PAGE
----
.write   = simple_attr_write,                                   \
  .llseek  = generic_file_llseek,                                 \
};

You don’t need to use all of these, only the ones that you will require based on what you want to do with your device. We only want to do something particular when we read from or write to the device file so our file_operations struct will be like this:

our file_operations struct
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struct file_operations reverse_fops = {
  read: reverse_read,
  write: reverse_write
};

All of the functions will contain the name reverse which is what our character device will be called due to the nature of what it does, although the actual names are irrelevant.

Here we are telling the kernel that when a read happens on our device file we want to run the function reverse_read (on line 2) and when a write happens we want to run the function reverse_write (on line 3).

We will use this struct inside our miscdevice struct. The miscdevice struct is defined in include/linux/miscdevice.h (so we will also need to include this header file) as:

miscdevice struct
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struct miscdevice  {
  int minor;
  const char *name;
  const struct file_operations *fops;
  struct list_head list;
  struct device *parent;
  struct device *this_device;
  const char *nodename;
  umode_t mode;
};

Again, here we only need minor, name and fops. So ours will be defined as:

our miscdevice struct
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static struct miscdevice reverse_misc_device = {
  .minor = MISC_DYNAMIC_MINOR,
  .name = "reverse",
  .fops = &reverse_fops
};

In the include/linux/miscdevice.h header, the symbolic constant MISC_DYNAMIC_MINOR is defined as 255, this means it will pick the next avaliable minor number.

Now we should ensure our device is registered and unregistered when our LKM is loaded and unloaded respectively. The include/linux/miscdevice.h header also includes the declaration of 2 functions that will help us here, misc_register and misc_deregister, and they are decleared as follows:

misc_register and misc_deregister declarations
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extern int misc_register(struct miscdevice * misc);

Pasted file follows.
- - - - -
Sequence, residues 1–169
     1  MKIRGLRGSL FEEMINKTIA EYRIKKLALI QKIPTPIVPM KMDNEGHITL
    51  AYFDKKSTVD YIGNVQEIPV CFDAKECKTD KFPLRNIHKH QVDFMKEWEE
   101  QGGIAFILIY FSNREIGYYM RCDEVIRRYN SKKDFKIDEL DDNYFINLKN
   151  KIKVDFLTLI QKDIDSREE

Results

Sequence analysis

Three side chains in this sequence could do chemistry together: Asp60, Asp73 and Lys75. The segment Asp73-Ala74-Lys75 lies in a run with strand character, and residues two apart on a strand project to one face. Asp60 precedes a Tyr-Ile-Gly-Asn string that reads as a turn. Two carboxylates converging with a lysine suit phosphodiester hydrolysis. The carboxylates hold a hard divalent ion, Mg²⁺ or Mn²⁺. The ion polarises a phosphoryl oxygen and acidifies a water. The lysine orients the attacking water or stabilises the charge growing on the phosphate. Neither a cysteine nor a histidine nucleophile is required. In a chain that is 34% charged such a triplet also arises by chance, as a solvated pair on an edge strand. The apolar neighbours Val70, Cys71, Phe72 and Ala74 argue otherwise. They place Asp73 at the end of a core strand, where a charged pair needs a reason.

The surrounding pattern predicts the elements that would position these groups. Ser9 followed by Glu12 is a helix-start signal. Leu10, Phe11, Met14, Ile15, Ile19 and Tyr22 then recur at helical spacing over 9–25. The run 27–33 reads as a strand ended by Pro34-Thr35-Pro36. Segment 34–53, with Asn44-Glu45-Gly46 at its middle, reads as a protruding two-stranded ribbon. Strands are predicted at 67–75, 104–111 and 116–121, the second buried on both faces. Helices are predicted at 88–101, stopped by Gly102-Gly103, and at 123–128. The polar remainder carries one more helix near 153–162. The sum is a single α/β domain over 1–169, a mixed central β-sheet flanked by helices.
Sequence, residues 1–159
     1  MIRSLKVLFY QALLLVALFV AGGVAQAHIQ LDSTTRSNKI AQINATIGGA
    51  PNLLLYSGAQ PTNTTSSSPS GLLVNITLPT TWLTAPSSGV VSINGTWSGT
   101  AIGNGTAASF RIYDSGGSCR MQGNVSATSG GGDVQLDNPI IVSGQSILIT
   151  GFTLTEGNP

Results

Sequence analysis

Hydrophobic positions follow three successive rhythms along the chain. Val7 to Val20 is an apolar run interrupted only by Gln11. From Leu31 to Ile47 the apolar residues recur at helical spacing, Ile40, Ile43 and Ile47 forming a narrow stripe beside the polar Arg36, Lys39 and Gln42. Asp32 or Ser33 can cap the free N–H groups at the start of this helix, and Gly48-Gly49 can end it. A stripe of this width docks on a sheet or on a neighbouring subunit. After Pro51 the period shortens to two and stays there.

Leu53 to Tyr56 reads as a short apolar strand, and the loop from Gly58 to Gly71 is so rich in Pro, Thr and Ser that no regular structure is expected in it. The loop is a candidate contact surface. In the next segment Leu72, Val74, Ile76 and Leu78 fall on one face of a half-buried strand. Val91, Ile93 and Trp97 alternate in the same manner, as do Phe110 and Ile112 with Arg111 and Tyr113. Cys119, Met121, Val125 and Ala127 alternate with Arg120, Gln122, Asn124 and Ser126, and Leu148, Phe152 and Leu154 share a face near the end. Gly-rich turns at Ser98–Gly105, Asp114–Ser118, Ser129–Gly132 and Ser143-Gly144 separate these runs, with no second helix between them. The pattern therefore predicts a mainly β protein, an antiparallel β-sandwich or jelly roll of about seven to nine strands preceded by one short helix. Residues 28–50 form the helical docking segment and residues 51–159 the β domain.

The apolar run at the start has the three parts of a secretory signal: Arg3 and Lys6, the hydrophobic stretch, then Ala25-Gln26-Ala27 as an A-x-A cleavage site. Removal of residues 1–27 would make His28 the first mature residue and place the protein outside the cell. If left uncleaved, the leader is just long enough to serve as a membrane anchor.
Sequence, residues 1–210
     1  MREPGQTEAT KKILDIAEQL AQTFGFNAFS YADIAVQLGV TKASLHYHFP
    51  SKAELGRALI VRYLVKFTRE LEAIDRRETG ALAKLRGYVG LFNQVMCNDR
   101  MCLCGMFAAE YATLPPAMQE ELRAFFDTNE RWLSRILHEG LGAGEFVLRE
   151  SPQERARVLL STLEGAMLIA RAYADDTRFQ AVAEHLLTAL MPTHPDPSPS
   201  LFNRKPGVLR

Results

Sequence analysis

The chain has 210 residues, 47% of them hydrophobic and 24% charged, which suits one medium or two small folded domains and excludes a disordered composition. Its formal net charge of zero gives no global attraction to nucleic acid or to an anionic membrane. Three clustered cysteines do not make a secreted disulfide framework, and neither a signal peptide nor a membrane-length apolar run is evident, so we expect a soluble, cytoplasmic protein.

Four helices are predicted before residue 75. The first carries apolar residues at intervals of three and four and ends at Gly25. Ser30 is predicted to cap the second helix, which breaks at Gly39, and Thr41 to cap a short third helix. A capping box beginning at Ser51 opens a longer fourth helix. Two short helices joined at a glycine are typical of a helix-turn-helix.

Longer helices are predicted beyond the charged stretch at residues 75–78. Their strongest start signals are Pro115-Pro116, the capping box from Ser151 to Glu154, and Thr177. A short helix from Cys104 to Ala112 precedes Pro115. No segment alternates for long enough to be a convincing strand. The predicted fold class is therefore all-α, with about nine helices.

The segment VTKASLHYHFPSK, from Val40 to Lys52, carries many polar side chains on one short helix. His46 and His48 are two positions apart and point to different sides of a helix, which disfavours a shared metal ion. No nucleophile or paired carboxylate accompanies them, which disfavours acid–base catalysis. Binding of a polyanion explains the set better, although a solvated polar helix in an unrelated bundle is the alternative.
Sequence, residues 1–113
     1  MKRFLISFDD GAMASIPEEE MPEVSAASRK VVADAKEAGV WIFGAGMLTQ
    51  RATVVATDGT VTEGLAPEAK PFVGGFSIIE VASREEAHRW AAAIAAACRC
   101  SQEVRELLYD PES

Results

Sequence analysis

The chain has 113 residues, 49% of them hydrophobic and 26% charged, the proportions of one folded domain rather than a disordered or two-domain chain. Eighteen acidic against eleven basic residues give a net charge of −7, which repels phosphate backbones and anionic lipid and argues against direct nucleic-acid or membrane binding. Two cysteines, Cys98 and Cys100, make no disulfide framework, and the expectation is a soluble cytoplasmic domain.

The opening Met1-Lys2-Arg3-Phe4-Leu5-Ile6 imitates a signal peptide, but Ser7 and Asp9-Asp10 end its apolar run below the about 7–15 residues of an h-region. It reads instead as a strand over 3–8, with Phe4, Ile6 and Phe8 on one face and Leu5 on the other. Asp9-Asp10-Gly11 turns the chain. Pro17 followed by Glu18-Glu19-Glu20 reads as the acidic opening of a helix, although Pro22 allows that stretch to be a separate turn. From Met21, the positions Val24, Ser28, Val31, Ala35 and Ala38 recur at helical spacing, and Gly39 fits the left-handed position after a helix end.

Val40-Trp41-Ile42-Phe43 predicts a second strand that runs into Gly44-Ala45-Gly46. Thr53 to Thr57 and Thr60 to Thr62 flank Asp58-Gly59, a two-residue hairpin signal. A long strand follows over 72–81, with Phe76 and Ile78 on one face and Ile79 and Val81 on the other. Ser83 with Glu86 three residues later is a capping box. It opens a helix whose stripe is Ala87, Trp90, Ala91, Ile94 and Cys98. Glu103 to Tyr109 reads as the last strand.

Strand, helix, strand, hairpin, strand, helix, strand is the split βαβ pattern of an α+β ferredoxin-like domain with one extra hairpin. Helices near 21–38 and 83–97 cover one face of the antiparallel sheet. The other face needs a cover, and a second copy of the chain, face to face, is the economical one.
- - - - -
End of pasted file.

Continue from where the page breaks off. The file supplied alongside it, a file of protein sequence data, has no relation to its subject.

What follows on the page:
extern int misc_deregister(struct miscdevice *misc);

So they both take 1 argument, the miscdevice struct created earlier. Other than this our LKM doesn’t need to do anything else, so the initialization and exit functions can be written like this:

initialization and exit functions
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static int __init reverse_init(void)
{
  misc_register(&reverse_misc_device);

        return 0;
}

static void __exit reverse_exit(void)
{
  misc_deregister(&reverse_misc_device);
}

Next we need to develop the functionality, for this I wrote a normal C application to make sure it was all working:

reverse-test-app.clink
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#include <stdio.h>
#include <stdlib.h>
#include <string.h>

char data[513] = "No data";

void insert_word(char *word, unsigned int n)
{
  int i, c;
  char tmpword[512+1];
  for (i = strlen(word)-1, c = 0; i >= 0; i--, c++) {
      tmpword[c] = word[i];
  }
  tmpword[strlen(word)] = '\0';
  if (n == 0) {
      memset(data, 0, sizeof data);
      strcpy(data, tmpword);
  } else {
      data[strlen(data)] = ' ';
      data[strlen(data)+1] = '\0';
      strcat(data, tmpword);
  }
}

void reverse(char *tmpdata)
{
  int i, c;
  unsigned int n = 0;
  char word[512+1];
  for (i = strlen(tmpdata)-1, c = 0; i >= 0; i--, c++) {
      if (tmpdata[i] == ' ') {
          word[c] = '\0';
          insert_word(word, n);
          n += 1;
          c = -1;
      } else
          word[c] = tmpdata[i];
      
  }
  word[c] = '\0';
  insert_word(word, n);
  data[strlen(tmpdata)] = '\0';
}

int main(int argc, char **argv)
{
  if (argc < 2) {
      printf("Usage: %s <string>\n", argv[0]);
      exit(1);
  }

  printf("Before: %s\n", data);
  reverse(argv[1]);
  printf("After: %s\n", data);
}